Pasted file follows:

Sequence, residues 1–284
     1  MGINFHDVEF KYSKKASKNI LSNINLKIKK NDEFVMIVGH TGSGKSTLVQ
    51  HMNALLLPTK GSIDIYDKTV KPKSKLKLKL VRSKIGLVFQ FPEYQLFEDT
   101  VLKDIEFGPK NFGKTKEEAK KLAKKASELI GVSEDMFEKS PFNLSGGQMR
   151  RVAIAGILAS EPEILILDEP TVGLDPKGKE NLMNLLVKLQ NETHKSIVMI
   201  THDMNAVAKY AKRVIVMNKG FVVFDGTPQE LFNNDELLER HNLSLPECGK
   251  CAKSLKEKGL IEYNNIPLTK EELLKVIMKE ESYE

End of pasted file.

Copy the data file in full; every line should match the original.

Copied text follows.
Sequence, residues 1–284
     1  MGINFHDVEF KYSKKASKNI LSNINLKIKK NDEFVMIVGH TGSGKSTLVQ
    51  HMNALLLPTK GSIDIYDKTV KPKSKLKLKL VRSKIGLVFQ FPEYQLFEDT
   101  VLKDIEFGPK NFGKTKEEAK KLAKKASELI GVSEDMFEKS PFNLSGGQMR
   151  RVAIAGILAS EPEILILDEP TVGLDPKGKE NLMNLLVKLQ NETHKSIVMI
   201  THDMNAVAKY AKRVIVMNKG FVVFDGTPQE LFNNDELLER HNLSLPECGK
   251  CAKSLKEKGL IEYNNIPLTK EELLKVIMKE ESYE